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:iconevilestone:
EvilestOne Featured By Owner Jan 8, 2008
All watermarking can be gotten around. The advantage to invisible watermarking is that you don't know it's there unless you check for it, and most thieves don't bother to check.
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:iconasmm-duckhugger:
aSMm-Duckhugger Featured By Owner Jan 8, 2008   Traditional Artist
I suppose that would be right. I still don't worry or bother with it too much. I have a pretty distinct style to my art and I keep most of my originals filed away in huge troves. Someone would have to be an idiot to try to steal from me and claim my work as their own!
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:iconevilestone:
EvilestOne Featured By Owner Jan 8, 2008
I don't worry about it either. Most of my work isn't on here, since it's directly for clients, but I don't watermark my stuff either. Defeats the purpose of trying to show people what I do, when I obscure it with crap smeared over the pic.
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:iconadmiranda:
admiranda Featured By Owner Oct 23, 2007  Hobbyist Artisan Crafter
I LOVES IT! :D
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:iconevilestone:
EvilestOne Featured By Owner Oct 23, 2007
You should, those are your boobies on the stamp. :) So, put it to good use...make sure it gets seen all over...
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:iconadmiranda:
admiranda Featured By Owner Oct 23, 2007  Hobbyist Artisan Crafter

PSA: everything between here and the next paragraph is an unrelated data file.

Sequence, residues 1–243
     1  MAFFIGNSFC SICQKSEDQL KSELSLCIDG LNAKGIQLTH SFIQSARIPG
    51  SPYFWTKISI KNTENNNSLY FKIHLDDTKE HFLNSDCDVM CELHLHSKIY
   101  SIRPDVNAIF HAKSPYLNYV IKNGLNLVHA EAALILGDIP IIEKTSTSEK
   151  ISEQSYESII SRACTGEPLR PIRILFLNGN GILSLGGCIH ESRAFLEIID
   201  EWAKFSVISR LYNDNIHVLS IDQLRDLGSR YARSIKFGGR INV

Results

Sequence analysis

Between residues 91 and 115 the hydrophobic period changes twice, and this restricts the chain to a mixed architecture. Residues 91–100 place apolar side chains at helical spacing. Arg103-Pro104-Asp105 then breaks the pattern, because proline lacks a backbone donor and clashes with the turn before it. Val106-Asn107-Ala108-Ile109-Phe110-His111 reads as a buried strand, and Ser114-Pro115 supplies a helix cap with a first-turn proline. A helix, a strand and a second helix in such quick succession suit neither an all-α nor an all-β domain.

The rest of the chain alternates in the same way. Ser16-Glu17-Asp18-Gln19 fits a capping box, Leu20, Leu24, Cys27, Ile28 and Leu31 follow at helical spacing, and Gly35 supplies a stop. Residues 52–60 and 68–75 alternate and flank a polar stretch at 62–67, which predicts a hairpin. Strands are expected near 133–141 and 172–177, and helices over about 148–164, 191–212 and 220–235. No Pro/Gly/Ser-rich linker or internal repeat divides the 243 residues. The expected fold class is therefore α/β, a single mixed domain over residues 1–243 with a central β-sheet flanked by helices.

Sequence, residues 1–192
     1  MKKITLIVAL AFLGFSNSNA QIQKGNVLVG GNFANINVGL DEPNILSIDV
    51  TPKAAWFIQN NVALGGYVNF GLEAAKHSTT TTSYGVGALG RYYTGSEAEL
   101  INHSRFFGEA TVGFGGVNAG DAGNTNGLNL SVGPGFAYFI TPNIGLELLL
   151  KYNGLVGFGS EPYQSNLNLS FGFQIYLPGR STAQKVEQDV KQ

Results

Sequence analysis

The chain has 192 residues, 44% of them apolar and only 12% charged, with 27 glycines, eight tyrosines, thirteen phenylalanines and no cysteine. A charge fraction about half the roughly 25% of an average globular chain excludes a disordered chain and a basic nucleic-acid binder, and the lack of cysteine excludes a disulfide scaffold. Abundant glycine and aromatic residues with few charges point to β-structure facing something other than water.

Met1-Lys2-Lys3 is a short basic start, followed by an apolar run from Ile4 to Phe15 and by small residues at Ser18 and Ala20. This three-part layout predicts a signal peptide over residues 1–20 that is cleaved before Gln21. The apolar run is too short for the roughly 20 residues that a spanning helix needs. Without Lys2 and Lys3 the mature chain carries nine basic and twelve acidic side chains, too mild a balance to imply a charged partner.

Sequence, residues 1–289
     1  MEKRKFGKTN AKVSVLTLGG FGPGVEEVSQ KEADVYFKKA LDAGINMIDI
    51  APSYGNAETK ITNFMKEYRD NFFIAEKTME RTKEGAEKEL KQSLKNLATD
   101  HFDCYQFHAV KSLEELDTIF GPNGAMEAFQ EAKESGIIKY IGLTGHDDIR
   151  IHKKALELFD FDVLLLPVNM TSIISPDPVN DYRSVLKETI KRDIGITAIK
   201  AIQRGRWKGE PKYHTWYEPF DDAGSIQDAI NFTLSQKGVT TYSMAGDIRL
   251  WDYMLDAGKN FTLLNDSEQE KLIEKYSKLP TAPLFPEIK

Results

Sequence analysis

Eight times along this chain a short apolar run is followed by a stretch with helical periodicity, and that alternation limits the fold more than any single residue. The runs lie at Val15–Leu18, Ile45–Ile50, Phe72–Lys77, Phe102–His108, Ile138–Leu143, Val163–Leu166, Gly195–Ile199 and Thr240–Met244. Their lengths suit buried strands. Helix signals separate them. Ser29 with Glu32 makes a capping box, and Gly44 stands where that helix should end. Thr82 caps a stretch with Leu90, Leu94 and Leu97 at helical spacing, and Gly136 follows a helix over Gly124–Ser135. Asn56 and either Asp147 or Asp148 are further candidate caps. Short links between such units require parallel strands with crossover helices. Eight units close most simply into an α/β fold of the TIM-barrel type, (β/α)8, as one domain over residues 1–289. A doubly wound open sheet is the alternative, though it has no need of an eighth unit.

lol how do I put it up??
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:iconevilestone:
EvilestOne Featured By Owner Oct 24, 2007
In the "Details" section by the "Artists Comments" there's a section that says "Thumb". Try pasting that code, that might do it. Otherwise, download it and host it somewhere, then link back to it. The second way is the way I have always done it.

:thumb68038272:
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:iconadmiranda:
admiranda Featured By Owner Oct 24, 2007  Hobbyist Artisan Crafter
AHHH ok..
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:iconalonely:
Alonely Featured By Owner Oct 23, 2007
How immature.
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:iconevilestone:
EvilestOne Featured By Owner Oct 24, 2007
How so?
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:iconbodyartist:
Bodyartist Featured By Owner Oct 24, 2007
Must be in high school, she posts her grades on-line (at least the good ones).... but I think I got higher grades than that in chemistry..... I was a frustrated scientist my whole life, more of an artist all around.
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:iconalonely:
Alonely Featured By Owner Oct 24, 2007
Congratulations on your high grades.
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:iconbodyartist:
Bodyartist Featured By Owner Oct 25, 2007
Thank you, they served me well, and I never had to post them for the world/strangers to see.
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:iconalonely:
Alonely Featured By Owner Oct 25, 2007
I've done nothing to insult you, and yet you attempt to belittle me. :P
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(1 Reply)
:iconevilestone:
EvilestOne Featured By Owner Oct 24, 2007
I got that impression too. Not old enough to be looking at my gallery.
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:iconbodyartist:
Bodyartist Featured By Owner Oct 25, 2007
Probably right :)

It's an odd thing here... I came across an older profile and the person had marked their works "mature" then couldn't view them because they were under 18 <G>
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:iconevilestone:
EvilestOne Featured By Owner Oct 26, 2007
That definitely qualifies as amusing... :)
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(1 Reply)
:iconalonely:
Alonely Featured By Owner Oct 24, 2007
Random deviation. :)